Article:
This hummingbird glass sculpture was purchased to be my cake-topper at my wedding to match the light hints of hummingbird throughout my wedding (like the hummingbirds mom embroidered on my dress).  Less than a year after the wedding my cat skidded across my dresser, knocked it to the ground and shattered it. I refuse to throw it away. It sits there, sealed in a plastic bag, for eternity. The symbol of the hummingbird means too much to give up. I dream of finding someone to fix this cake-topper, even though I know it’s not possible. *~* My grandparents used to take an annual trip to see my Grampa’s brother. They’d go out to Massachusetts and spend time with family, and then return home to Buffalo. One of their favorite parts of the trip was sitting outside and watching the hummingbirds buzz around. Then, my great-uncle passed away, and my grandparents went out for the funeral. On their last night there, in the cool evening air they spoke of my uncle. As he sat there talking, a hummingbird flew up near my Grampa’s shoulder and hovered. It lingered near his face for several minutes, flitting back and forth before flying off. They all decided that had been my great-uncle stopping by for one last visit. Almost nineteen years ago, after a year’s fight against cancer, my Grampa passed away. It was September in Buffalo.  Cold air had begun to move in. All summer things were fading.  I returned to New York with the funeral, and then went right back to NC to return to school. Three weeks later the family grapevine lit up with the story. At the end of September, Gramma was out on her porch to bring in all the chairs, etc. for winter. It was a yearly ritual when it just became too cold to sit on the porch. Since it was sunny, she decided to sit outside for one last afternoon. Wrapped in her sweater she sat, watching the cars go by as she always did. There. In the cold end of September. Hovering near a hanging plant. Buzzed a hummingbird. It flew under the porch roof. Hovered near Grandma. And then took off. * Every September for the past sixteen years. Even if I have not seen one all year. A hummingbird shows up. Every year. *~* I won’t let go of the cake topper. The hummingbird is still in one piece. And Grampa still visits. Read more »


by Sarah Cass

Multi-published author. Mom of 3 special needs kids. Wife to 1 good man.
Redefining Perfect every day.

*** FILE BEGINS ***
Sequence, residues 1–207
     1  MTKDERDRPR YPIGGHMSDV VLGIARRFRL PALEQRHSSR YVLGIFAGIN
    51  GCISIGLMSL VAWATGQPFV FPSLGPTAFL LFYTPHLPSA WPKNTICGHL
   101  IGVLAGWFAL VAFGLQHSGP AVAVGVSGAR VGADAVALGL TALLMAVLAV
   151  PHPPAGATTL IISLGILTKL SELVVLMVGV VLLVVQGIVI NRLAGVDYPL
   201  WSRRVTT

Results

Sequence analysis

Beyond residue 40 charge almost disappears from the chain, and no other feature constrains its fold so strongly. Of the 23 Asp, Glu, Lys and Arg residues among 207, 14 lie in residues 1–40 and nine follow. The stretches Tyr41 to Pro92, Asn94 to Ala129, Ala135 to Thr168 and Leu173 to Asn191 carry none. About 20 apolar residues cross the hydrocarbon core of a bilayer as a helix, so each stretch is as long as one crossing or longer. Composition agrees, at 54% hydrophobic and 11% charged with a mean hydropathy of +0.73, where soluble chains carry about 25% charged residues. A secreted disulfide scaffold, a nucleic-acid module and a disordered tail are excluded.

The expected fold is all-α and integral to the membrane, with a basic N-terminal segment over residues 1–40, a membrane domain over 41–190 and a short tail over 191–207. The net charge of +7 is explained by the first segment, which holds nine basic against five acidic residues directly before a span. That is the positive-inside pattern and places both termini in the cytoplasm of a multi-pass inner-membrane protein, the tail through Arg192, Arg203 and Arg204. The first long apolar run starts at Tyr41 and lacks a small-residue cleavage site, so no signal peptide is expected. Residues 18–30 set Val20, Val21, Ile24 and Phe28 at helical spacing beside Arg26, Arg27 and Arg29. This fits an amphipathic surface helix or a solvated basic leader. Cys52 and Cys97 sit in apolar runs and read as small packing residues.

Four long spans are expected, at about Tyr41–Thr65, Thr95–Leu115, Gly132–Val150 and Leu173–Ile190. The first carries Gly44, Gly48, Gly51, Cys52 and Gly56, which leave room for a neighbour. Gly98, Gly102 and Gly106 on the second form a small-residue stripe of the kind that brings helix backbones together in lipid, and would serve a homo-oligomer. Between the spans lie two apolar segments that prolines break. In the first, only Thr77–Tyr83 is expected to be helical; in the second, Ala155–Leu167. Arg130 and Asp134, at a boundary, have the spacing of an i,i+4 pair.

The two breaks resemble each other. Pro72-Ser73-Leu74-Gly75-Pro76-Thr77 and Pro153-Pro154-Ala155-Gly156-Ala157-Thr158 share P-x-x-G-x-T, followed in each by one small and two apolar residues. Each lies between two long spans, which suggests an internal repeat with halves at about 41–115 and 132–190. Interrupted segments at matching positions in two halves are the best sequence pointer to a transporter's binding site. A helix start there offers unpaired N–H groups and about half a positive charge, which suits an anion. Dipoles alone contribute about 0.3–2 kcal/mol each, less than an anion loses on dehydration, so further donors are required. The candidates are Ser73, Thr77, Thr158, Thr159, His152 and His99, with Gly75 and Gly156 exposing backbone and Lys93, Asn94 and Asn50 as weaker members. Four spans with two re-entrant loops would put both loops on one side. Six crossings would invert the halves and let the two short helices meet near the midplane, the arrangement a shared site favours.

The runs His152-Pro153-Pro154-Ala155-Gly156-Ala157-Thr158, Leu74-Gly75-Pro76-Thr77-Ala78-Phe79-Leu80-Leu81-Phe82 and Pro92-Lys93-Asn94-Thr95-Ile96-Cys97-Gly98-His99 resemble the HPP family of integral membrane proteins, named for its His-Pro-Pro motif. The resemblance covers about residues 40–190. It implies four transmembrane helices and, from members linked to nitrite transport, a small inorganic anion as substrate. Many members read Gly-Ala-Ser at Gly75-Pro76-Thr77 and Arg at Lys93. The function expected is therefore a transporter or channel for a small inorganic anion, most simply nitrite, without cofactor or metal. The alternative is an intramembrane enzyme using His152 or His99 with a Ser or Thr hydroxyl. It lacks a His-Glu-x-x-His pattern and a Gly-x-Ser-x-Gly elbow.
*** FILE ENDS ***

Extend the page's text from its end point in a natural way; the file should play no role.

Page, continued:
Becoming My Father

Fracture
*This site is monetized. Any links in this post are likely to be affiliates.
0721151350

Growing up, I always knew I’d become my mom. It ran in the family, after all. She was turning into Grandma, and I favored her over my dad, so it stood to reason I’d turn into her. I never expected to become my dad. My family had a tendency toward vacations that were road trips. My dad has a bit of a nomadic side to him, so I think those road trips really helped ease that need to go, go, go. My dad was also a control freak. I remember half-teasing that he had a tendency to plan our vacations down to the minute. Trips to Disney. To California. Hockey tournaments. Busch Gardens. The Henry Ford Museum. Everything was thoroughly researched and plans made that we weren’t allowed to deviate from. It was intense vacationing. I swore I’d never do that. And I haven’t… Exactly… When the word came down that Denver’s original wish was going to be a no-go, I knew what that meant. A return to Disney World (his backup wish). This time we’d have the experience of last year (and the handful of missteps we made, rides we missed, etc.) to guide us… Which meant planning was going to happen. Turns out the teen is as much my dad, if not more, than I am. We’ve gathered books (these are just two of the 6 we have), watched every single Disney special on TV we could find, and I got the free Disney vacation DVD. We’ve written down what we missed that we want to see, and things we saw we want to do again. Denver has even located a map w/ approximate walking times between attractions (seriously). I’ve made meal reservations (we sort of flubbed this last time), and Denver’s plans are revolving around those times and the parks we’ve mutually agreed we want to visit each of our three days. Since he’s been gone most of the summer we haven’t gotten down to nitty gritty, and I’m still insisting on complete flexibility (not minute-by-minute) in our planning because things happen, and my dad is ill, and my mom has a horrific back (they are going w/ did I mention that?)–so flexibility is key…but we are going in with some plans this year. It’s oddly soothing. Just don’t tell my dad I said that. Read more »


by Sarah Cass

Multi-published author. Mom of 3 special needs kids. Wife to 1 good man.
Redefining Perfect every day.